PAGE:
Snake by D.H. Lawrence – Critical Analysis
Snake – Critical Analysis : D.H. Lawrence’s poem “Snake” was composed during the summer of 1920 when he resided in Taomina, Sicily. The poem deals with an ordinary and commonplace phenomenon of the appearance of the snake in the water-trough. The poet’s encounter with the snake has been described in a simple and lucid style.
David Herbert Lawrence been considered as a renowned novelist, short-story writer and poet in the arena of English literature. He was a poet of the twentieth century between the two World Wars. As a modern poet, D.H. Lawrence rejected the conventional manner and style of writing. His poetry holds the vital force that exhibits the primitive and elemental impulses. He had an acute sensitivity to natural beauty including animals and nature. It is reflected through his poetry.
Snake – Critical Analysis
It is important to note that D.H. Lawrence was associated with the Imagist Movement; and influenced by the aesthetic theories propounded by Thomas Ernest Hulme. Some of his poems appeared in the three anthologies called “Some Imagist Poets” published between 1915 and 1917. As a follower of the Imagist group, he emphasized the principle of liberty which can be achieved by a skillful use of irregular rhythms of free verse; or verse libre.
SNAKE: CRITICAL APPRECIATION
In the poem “Snake’, D.H. Lawrence has employed an image of a snake as a sign of life which symbolizes the mysterious power of nature not comprehended by man. The poet has expressed his thoughts in a casual manner in order to convey his belief that ‘we can go wrong in our minds, but what the flesh, the blood says must be true’.
D.H. Lawrence’s poem “Snake” reveals the conflict in the poet’s mind between the instinctive reverence and respect for the fellow-creature: a snake; and his inner voice which is the outcome of his learning.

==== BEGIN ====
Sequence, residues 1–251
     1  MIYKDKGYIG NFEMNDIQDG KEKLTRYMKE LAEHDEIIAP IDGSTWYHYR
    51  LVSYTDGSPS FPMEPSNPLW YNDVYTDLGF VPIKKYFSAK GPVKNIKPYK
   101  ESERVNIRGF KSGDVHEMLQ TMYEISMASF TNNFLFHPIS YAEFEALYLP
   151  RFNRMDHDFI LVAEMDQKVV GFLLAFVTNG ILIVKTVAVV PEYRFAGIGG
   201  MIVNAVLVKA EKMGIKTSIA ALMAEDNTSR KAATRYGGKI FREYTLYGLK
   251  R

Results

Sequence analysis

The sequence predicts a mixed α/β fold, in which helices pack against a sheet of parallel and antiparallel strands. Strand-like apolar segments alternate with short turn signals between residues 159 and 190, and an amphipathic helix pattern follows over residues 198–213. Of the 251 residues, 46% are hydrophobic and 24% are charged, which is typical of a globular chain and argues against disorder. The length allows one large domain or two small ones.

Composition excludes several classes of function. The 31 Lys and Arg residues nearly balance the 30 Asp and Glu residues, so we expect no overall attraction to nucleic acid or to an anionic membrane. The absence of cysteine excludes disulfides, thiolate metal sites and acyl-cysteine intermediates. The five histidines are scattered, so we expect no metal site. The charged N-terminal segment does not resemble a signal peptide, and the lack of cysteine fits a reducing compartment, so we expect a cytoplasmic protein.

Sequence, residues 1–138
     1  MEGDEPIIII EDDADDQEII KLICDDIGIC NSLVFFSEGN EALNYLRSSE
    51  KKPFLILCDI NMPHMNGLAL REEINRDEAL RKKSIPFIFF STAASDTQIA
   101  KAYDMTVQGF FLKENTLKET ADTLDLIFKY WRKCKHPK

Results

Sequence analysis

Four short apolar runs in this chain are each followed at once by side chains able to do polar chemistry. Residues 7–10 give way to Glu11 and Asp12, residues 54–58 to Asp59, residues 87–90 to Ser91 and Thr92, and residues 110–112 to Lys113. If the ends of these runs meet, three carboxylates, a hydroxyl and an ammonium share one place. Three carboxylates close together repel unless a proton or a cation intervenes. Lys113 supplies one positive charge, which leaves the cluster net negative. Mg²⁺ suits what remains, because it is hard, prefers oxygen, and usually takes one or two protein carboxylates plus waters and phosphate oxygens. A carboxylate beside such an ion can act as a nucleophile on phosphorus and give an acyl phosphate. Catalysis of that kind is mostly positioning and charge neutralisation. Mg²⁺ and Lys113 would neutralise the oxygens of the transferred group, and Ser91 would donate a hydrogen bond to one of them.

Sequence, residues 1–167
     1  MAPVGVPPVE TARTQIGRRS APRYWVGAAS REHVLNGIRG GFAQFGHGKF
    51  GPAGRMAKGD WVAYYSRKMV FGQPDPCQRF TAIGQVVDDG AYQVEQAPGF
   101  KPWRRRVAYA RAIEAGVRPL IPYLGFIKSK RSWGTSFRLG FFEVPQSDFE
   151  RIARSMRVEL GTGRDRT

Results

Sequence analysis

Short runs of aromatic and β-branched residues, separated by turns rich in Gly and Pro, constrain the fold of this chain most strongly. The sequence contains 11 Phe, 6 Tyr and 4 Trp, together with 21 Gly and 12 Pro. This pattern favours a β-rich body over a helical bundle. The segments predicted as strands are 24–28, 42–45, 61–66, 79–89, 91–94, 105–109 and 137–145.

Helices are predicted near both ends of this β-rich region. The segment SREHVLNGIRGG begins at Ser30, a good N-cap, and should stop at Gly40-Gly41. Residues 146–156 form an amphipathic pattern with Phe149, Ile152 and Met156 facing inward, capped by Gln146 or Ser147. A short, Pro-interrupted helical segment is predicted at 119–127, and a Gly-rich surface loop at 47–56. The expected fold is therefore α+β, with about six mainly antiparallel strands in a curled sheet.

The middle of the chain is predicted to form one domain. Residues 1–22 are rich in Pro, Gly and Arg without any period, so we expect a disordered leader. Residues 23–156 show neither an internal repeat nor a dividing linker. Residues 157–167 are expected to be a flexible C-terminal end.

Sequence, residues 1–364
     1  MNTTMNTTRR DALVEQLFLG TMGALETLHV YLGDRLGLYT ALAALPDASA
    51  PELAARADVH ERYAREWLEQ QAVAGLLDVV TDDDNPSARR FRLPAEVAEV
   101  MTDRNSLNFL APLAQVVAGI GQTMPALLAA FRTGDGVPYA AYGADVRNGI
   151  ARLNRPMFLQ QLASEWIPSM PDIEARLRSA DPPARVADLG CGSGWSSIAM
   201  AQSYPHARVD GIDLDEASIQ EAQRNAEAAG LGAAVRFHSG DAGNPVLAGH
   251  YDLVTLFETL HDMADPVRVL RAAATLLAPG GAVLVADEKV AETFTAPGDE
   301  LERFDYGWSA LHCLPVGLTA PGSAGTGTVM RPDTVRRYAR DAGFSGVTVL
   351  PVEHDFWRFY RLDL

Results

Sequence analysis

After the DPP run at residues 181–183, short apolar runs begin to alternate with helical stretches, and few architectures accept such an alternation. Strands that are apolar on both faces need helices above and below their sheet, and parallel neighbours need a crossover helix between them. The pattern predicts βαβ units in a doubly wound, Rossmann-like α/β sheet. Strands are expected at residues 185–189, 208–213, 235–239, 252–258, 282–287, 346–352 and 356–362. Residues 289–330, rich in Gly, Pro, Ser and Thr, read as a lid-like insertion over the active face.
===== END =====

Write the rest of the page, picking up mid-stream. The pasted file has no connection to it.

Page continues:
The poet’s experience with a snake is based on a common experience; he came across a snake in a water-trough in a hot sunny day in July. When the poet went to fetch water in a pitcher, he saw a yellow-brown snake crawling in the water-trough. The uninvited guest reached there before the poet to quench his thirst.
The poet keenly observed the snake which took shelter in the earth-wall. It came out and drank water. The beautiful creature dreamily looked at the poet, and he was quite uncertain about him. D.H. Lawrence has vividly described the shiny, slender yellow-brown body of the snake in the poem. The snake rested its throat upon the stone bottom and sipped water dripping from the tap.
“A snake came to my water-trough
On a hot, hot day, and I in pyjamas for the heat,
To drink there.
In the deep, strange-scented shade of the great dark
I came down the steps with my pitcher
And must wait, must stand and wait, for there he was
At the trough before me.”
The poet has artistically used figures of speech such as alliteration and repetition in the opening lines such as ‘drink there in the deep’; and ‘hot, hot’ etc.
The thought came to the poet’s mind that he was a second comer waiting there for the snake’s departure from there. The snake had already come there before the arrival of the poet. So he had to wait till the snake finished its task. The snake glanced at the poet like any cattle do; and it flickered its forked tongue. The poet felt he was probably enjoying the moment.
“He reached down from a fissure in the earth-wall
in the gloom
And trailed his yellow-brown slackness soft-bellied down,
Over the edge of the stone trough
And rested his throat upon the stone bottom,
And where the water had dripped from the tap,
in a small clearness,
He sipped with his straight mouth,
Softly drank through his straight gums,
into his slack long body
The snake drank little more water in the hot day. The poet went through mental conflict at the sight of the snake. He heard voice of education which commanded him to take some action against the harmless fellow-creature. The conflict in the poet’s mind has been unveiled in the second stanza.
Snake – Critical Analysis
“The voice of my education said to me
He must be killed,
For in Sicily the black, black snakes are innocent,
the gold are venomous.
And voices in me said, if you were a man,
You would take a stick and break him now, and
finish him off.”